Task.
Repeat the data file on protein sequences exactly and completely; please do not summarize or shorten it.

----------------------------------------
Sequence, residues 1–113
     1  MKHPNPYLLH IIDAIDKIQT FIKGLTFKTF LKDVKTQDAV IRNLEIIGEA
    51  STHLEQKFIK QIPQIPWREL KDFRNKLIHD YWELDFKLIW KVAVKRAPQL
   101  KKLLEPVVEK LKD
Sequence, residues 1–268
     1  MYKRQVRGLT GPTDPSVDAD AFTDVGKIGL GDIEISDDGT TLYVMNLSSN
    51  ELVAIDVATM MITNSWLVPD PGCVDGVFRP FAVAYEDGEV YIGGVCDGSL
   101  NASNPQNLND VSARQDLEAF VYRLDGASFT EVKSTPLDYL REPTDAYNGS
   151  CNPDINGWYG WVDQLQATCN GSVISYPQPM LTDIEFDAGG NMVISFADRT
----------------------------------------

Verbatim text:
Sequence, residues 1–113
     1  MKHPNPYLLH IIDAIDKIQT FIKGLTFKTF LKDVKTQDAV IRNLEIIGEA
    51  STHLEQKFIK QIPQIPWREL KDFRNKLIHD YWELDFKLIW KVAVKRAPQL
   101  KKLLEPVVEK LKD
Sequence, residues 1–268
     1  MYKRQVRGLT GPTDPSVDAD AFTDVGKIGL GDIEISDDGT TLYVMNLSSN
    51  ELVAIDVATM MITNSWLVPD PGCVDGVFRP FAVAYEDGEV YIGGVCDGSL
   101  NASNPQNLND VSARQDLEAF VYRLDGASFT EVKSTPLDYL REPTDAYNGS
   151  CNPDINGWYG WVDQLQATCN GSVISYPQPM LTDIEFDAGG NMVISFADRT